From RoboCop to Harry Styles: A Complete Guide to This Week’s Entertainment | Culture
To go out: Movie theater
One of the greatest corporate satires of all time, re-released in a sparkling new 4k restoration? I would buy it for a dollar! Paul Verhoeven’s sci-fi classic (above) is as delightfully and surprisingly violent as ever. Age cannot wither RoboCop!
Scary kids have inspired all kinds of scary stories, from The Midwich Cuckoos to The Sixth Sense. In this Norwegian thriller from writer-director Eskil Vogt, children who discover they have potentially dangerous powers are played with a rare skill that makes everything a little more believable – and therefore unnerving.
If there was ever a match made in biopic heaven between filmmaker and subject, it has to be director Terence Davies – a masterful storyteller with a particularly keen eye for repression, class difference and the tragedies of chance. – with the war poet Siegfried Sassoon.
You know that bit at the end of Get Out when Daniel Kaluuya’s hero thinks the cops have arrived – and he’s terrified? The Emergency is a crazy one-night stand at college that’s informed by a similar dynamic, asking: what if the kids in movies like Superbad or Booksmart had good reason to be genuinely terrified of the police ? Catherine Bray
To go out: Gigs
May 21 to 26; the tour starts in Birmingham
Talent show contestant turned YouTuber turned Taylor Swift collaborator Todrick Hall (below) is bringing his brilliant pop to the UK. Along with 2019’s catnip hit Nails, Hair, Hips, Heels, expect a handful of songs from next month’s 80s-influenced fifth album, Algorhythm.
Abba Arena, London, from May 27 to December 4
Housed in a purpose-built arena and featuring virtual “Abbatars” of the Swedish greats as they were in 1977, this unusual residence is part tech exhibit and part Abba-themed club night. Why not shell out a ‘dance booth’ ticket, giving you all the space you’ll need once Dancing Queen takes the stage? Michael Cragg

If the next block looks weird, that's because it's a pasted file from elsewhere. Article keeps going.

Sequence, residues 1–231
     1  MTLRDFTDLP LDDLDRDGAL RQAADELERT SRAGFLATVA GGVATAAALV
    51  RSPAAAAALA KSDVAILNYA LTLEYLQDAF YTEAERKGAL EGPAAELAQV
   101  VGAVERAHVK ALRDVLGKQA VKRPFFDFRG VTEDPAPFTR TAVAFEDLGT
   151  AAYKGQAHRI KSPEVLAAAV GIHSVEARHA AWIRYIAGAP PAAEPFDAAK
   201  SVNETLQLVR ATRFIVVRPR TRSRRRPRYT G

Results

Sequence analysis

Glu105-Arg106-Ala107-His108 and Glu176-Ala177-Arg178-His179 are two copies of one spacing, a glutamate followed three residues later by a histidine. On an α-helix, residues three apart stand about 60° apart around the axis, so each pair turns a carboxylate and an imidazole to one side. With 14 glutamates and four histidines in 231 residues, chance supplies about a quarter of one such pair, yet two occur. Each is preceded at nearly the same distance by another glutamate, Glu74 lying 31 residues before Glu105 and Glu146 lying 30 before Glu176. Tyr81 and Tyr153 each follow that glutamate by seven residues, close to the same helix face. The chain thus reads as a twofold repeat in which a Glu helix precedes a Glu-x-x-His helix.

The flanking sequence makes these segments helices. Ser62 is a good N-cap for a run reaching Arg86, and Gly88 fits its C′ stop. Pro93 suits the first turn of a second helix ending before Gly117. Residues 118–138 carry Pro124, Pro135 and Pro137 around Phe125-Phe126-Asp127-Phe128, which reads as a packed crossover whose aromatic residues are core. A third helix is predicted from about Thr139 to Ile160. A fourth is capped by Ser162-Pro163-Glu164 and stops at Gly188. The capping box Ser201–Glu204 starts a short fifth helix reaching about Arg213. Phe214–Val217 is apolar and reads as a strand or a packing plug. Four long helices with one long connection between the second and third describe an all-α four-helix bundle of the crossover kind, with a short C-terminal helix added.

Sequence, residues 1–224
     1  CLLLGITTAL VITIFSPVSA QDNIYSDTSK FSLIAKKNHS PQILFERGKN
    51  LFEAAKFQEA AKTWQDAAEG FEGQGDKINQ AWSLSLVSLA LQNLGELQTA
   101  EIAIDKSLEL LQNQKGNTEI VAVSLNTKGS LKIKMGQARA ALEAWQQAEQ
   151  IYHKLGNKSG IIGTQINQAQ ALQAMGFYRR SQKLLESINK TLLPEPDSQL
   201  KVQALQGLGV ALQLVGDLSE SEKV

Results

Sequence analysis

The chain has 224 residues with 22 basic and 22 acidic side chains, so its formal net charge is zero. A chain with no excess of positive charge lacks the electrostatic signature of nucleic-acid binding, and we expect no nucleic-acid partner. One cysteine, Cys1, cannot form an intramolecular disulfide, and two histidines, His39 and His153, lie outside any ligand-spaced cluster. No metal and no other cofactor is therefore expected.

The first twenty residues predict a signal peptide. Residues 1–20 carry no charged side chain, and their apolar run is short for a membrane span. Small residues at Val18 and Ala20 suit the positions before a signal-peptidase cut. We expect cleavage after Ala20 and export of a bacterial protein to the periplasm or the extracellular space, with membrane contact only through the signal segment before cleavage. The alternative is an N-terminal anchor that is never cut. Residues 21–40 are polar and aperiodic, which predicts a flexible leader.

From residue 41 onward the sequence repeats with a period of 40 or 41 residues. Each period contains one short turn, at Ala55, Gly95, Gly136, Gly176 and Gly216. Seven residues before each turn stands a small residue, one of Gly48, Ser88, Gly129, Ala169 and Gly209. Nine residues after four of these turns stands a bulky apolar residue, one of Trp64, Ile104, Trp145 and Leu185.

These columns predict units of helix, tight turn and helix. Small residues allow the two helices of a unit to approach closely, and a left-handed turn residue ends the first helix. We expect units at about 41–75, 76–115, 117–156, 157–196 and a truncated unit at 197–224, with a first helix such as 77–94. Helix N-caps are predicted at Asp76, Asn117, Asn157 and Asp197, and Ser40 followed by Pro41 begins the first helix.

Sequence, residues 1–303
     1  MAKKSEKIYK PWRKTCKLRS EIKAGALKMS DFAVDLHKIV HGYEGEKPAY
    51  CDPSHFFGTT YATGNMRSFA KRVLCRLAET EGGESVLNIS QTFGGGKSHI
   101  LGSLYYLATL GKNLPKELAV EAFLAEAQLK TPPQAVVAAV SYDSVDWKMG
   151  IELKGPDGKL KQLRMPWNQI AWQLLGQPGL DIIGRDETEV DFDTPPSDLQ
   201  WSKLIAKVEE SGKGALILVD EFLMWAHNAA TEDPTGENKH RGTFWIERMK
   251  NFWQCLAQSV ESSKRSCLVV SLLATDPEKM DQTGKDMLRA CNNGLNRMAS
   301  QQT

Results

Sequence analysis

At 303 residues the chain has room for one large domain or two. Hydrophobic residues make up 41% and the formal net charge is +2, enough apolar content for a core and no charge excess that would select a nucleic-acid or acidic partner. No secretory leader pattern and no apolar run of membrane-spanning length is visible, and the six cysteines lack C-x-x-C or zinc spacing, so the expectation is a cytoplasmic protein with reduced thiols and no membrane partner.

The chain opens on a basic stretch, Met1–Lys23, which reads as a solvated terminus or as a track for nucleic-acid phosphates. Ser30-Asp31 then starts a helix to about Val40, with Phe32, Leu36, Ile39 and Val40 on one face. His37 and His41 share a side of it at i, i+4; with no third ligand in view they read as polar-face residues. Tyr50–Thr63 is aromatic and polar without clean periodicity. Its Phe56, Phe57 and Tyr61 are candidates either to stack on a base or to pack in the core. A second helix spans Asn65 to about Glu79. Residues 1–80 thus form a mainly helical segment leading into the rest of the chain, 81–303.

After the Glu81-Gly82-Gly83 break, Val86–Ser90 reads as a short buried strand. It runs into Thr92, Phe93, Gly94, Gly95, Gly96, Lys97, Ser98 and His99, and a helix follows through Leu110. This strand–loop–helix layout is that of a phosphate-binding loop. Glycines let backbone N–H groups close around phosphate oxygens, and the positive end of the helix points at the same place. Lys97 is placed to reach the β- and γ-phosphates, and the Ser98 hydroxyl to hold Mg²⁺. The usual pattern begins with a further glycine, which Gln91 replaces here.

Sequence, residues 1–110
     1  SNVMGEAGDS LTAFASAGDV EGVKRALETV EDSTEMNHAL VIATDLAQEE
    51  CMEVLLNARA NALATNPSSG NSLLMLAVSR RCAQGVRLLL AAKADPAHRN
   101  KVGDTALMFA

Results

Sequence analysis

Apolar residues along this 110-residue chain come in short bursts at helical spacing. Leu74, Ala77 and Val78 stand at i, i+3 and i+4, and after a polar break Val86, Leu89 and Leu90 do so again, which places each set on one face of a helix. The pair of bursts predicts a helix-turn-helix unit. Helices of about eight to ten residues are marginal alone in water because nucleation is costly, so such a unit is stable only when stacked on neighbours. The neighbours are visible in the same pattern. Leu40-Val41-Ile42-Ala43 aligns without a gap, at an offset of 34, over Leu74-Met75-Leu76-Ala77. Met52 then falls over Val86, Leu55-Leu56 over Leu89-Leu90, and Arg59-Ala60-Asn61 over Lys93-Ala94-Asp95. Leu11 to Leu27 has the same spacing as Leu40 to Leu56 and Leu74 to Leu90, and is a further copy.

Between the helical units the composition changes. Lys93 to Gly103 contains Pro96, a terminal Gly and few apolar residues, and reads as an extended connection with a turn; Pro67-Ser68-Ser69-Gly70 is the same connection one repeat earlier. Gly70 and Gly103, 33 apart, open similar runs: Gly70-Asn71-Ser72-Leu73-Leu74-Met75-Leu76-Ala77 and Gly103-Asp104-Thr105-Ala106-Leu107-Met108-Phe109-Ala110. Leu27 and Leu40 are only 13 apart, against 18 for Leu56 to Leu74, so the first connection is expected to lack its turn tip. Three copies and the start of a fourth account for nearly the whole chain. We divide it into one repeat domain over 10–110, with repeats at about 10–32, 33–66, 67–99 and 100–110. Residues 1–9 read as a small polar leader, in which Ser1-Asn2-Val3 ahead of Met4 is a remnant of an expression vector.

Glyndebourne Opera House, nr Lewes, 21 May to 24 June
Glyndebourne’s summer season opens with the first full-scale professional staging in over 70 years of Ethel Smyth’s best-known stage work. The production of Melly Still uses the original French version of the libretto and is directed by Robin Ticciati, with Karis Tucker and Rodrigo Porras Garulo as doomed lovers, Thirza and Marc. Andrew Clements
Manchester Jazz Festival
Band on the Wall, Escape to Freight Island and various locations, until May 29
The innovative, admired and now 26-year-old Manchester Jazz Festival has begun a 10-day run, with stars such as Mercury-nominated British saxophonist Nubya Garcia a potent blend of contemporary jazz, African and Caribbean music (May 26); and Ethiopian jazz great Mulatu Astatke (May 27). John Fordham
To go out: Art
Grosvenor Gallery, London, until May 28
The artist also known as Vic Reeves reveals an unexpected pastoral side to his imagination in this exhibition of new paintings (above). The comic known for his disconcerting surrealism painted birds. Not birds doing weird things or having cryptic conversations in bubbles. Just birds, perched on branches.
Temple of Peace, Cardiff, until June 18; Woolwich Public Market, London, until July 24; on tour in Belfast and Edinburgh
This ecstatic installation will have you seeing intense colors, crystal caverns and who knows what else is in your head. It’s a marriage of art and science that sees flashing lights stimulate your visual brain when you look at them with your eyes closed. Everyone experiences it differently: a delight.
STATUS needs a global interlude
modern instituteGlasgow, to June 18
Four quirky talents combine in this collective exhibition. Sue Tomkins does cut-outs and Michael Wilkinson paints Merseyside sunsets. Eva Rothschild has created an eerie dark vinyl wall that turns out to be a curtain dividing the gallery. Color genius Jim Lambie shows off pink washing machines.
Timothy Taylor, London, until June 25
Is this great American a pop artist? His terse, deceptively simple style is rooted in New York art magazine illustrations of the 1950s. His paintings have much in common with early Warhol drawings. But while Warhol became fascinated with the reproduced images, Katz continued to look and paint, beautifully. jonathan jones
To go out: Arrange
The house of shadows
Almeida Theatre, London, until June 18
Beth Steel’s ambitious new play is set in the changing industrial landscape of Britain’s working class. Anne-Marie Duff plays the matriarch at the heart of this large-scale family drama.
Home, Manchester, until May 28; tour until June 25
Masters of creating playful and ingenious plays, female collective RashDash – who have all recently had babies – return with this “fever dream” show about motherhood. Miriam Gillinson